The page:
In an interview with The Bulletin a few years ago, Cameron Clark, of Bend, described the origins of the annual Munch & Music concert series in Drake Park.
“(I was) one of the poor and humble masses gathering outside the vinyl walls of the (Cascade Festival of Music's) tent (in the summer of 1990),” he said. “There were hundreds of us that would sit outside who couldn't afford to buy tickets to go inside. I looked around at these hundreds and thought, 'This town needs a free summer concert series.'”
The next year, Clark met that need, founding Munch & Music, one of the longest running and most popular events on Bend's cultural scene. On Thursday, the series' 22nd season kicks off with a concert by the Jamaican reggae act Live Wyya (see “If you go” and schedule).
Live Wyya is an authentic reggae band, adept at pumping out the bouncy island vibes and fronted by Tafadzwa “Katt” Del-Ali, who has toured through Central Oregon as a solo act many times before.
But if you've been to Munch & Music, you know that while music is the focal point of the event, it is hardly the only thing going on. For many, it's a sideshow, a soundtrack to a see-and-be-seen scene like few others in this region.
Munch & Music is a community gathering, where families lay out blankets and bop along, and babies test boundaries by trying to bolt off those blankets for the park's soft green grass. It's where many local teenagers first feel out newfound freedoms in a setting deemed safe enough by Mom and Dad for a parent-less excursion with friends. And for the kids in between babies and teens, there's a play area with plenty of places to bounce out their abundant energy. (Reminder: Dogs are not allowed.)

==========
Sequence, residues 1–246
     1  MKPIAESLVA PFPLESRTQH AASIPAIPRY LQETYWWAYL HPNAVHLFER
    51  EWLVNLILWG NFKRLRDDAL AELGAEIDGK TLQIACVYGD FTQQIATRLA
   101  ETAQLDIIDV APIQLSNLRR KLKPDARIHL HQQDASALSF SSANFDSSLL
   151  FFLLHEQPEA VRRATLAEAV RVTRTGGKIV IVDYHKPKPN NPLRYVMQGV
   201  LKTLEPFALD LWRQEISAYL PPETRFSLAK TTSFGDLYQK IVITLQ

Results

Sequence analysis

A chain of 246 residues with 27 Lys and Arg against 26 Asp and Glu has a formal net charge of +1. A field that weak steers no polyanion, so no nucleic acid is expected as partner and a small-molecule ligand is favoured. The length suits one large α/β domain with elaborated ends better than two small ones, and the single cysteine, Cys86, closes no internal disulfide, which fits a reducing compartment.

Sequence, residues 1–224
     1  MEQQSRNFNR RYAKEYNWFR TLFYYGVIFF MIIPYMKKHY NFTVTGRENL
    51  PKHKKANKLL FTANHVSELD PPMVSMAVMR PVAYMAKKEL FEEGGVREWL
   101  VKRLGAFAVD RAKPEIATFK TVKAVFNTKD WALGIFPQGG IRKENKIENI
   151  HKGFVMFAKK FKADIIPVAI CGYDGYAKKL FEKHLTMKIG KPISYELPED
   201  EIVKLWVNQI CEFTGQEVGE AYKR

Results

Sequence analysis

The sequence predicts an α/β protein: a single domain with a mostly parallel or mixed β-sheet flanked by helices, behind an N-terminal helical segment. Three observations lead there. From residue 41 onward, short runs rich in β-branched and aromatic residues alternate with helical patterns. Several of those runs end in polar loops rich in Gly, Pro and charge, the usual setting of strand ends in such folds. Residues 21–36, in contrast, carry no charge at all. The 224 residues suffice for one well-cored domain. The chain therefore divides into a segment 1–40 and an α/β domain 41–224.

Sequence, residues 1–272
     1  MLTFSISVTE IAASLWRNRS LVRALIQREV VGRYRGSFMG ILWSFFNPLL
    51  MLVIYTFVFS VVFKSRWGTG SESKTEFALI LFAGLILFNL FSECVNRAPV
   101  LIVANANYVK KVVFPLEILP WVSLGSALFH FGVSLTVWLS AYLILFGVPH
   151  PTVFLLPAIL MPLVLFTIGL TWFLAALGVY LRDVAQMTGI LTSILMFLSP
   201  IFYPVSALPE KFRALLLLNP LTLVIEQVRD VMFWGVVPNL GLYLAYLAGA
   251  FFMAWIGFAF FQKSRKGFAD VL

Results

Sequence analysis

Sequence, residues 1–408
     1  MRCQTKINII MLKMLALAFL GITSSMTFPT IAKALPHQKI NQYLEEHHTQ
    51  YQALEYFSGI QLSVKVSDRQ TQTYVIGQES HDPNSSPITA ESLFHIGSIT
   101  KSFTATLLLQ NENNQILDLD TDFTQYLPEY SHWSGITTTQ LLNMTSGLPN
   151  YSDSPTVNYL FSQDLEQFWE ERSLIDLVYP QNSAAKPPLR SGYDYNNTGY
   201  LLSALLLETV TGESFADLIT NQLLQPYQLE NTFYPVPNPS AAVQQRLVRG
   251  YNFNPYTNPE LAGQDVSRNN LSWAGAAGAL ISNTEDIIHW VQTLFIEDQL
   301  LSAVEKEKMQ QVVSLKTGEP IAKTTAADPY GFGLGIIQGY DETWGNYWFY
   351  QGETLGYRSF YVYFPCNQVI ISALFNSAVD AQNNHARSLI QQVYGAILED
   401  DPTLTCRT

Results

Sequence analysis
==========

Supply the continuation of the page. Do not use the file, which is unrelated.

There is business done here, too. A bunch of food vendors line the park's walkways, offering the kinds of foods you usually find in a mobile kitchen. Deschutes Brewery beer is available for purchase in an enclosed beer garden. Other booths set up here and there in hopes that you'll take an interest in what they're up to.
But back to the center of all the action. Each year, Clark and his C3 Events company book six artists to come to a central spot in Bend and play for free. They take great care to brew up a cosmopolitan blend; this year's globetrotting lineup finds reggae, Russian rock 'n' roll, Portland funk-rock and classic American blues tucked around a couple of '80s hitmakers.
The common thread, of course, is music — music that, for six summer Thursdays, turns Bend's Drake Park into a community dance floor where all are welcome.